It would really easy to tell you all the great things my children do and they really do some amazing things. It would be easy to go on about how they are changing and challenging themselves to be good humans beings. It would be easy – particularly on social media.
You can’t see me so I can spin all the good and true stories about them. But that’s not what Redefining Wonder Woman is about. It’s about taking the good and the bad and still taking a shot at life without condemning yourself. It’s about not making others feel lousy about themselves by exhibiting only your good side.
I hope that’s not what I do? I hope you get a bit of my struggles and my triumphs.
So today, I am struggling and I might elaborate on that in another post but today is just about acknowledging that I am struggling. Tomorrow will be different but this is today.
I am struggling to remember that they are only children and will act as children.
I am struggling to understand why everyday can’t be like the smooth sailing days.
I am struggling to understand why I need to repeat myself over and over and over again.
I am struggling to accept that children are primarily takers not givers.
I am struggling to accept that this is motherhood.
I am struggling to accept how after a session of me telling them off, they immediately turn round and say ,”mummy may I have a brioche?” 😳😳😳😳😳😳😳😳😳😳
So today I’m going to be kind to myself because they love me no matter what and tomorrow they’ll do it all again. I will simply remind myself that this is the reality of motherhood. Now where’s that latte?
I got a cold just before Christmas! Passed it on to my husband and daughter and they graciously passed it right back to me. Happy New Year to me. -|)
Having pushed myself through the first week back at work, by the end of the week I just couldn’t cope anymore and had to take the day off. I knew the only solution was to sleep it off but there was the issue of the school pick up which would undoubtedly break into the sleep. You know when you’re asleep but awake at the same time because you know you have to be up for something? So I sent a text to a friend and asked if she would take my children home with her and I would pick them up about four-ish. That would give me about three hours sleep. And then she replied to say I could leave then till later. I could have kissed her. It was so nice to know I could really rest. I felt blessed, really blessed.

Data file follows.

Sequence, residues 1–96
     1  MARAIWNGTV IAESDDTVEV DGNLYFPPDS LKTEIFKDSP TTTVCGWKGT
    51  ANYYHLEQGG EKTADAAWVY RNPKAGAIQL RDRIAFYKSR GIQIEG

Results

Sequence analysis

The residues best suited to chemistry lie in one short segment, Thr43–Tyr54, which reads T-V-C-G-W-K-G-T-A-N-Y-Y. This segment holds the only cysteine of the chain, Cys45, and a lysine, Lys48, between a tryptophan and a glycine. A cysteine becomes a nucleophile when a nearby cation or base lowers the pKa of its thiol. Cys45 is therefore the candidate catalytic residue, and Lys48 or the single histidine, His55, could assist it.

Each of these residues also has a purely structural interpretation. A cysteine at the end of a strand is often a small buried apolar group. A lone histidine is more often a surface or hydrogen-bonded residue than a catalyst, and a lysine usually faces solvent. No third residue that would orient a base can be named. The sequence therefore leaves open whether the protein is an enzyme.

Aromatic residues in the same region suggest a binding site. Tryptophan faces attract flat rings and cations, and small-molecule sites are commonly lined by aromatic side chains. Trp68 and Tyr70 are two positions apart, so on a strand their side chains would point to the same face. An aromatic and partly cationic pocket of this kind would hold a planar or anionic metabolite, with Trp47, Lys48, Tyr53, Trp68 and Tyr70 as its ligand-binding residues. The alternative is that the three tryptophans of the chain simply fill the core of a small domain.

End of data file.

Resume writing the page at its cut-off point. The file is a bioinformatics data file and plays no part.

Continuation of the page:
One of the questions people often asked me when we were moving to Cambridge was, “do you have friends or family there?” No was always my answer.
I’d lived in London for seventeen years and had a few friends but never friends from my immediate community. I hardly ever saw my neighbours talk less of hanging out with them. A couple of years before we moved, a group of American students rented a flat on the ground floor of our building. Of course being American, they had a different concept of neighbourhood and it wasn’t nod and smile at each other in the lift.
Within a couple of months of moving in, they started to run monthly bring and share events which were just for people to get to know each other. I never had the opportunity to go to one as with two children under five, it was frankly the last thing I wanted to do. However, I often chatted to them in the hallway or when they knocked on the door inviting residents to the party. I regret not going to one because they seemed so nice. As I got my groove in parenting, it was time to leave so that opportunity passed me by but I admired those guys.
However I’m talking about friends not knowing people. I’m talking about people who share your life; people you can run to when you need help; people who will comfort you, strengthen you, listen to you; people who won’t judge you for your failings; people who are supportive; people who put a smile on your face; people who tell you the truth and don’t mind that you tell them the same. People you can be yourself with – friends. Not acquaintances, not the crowd – friends.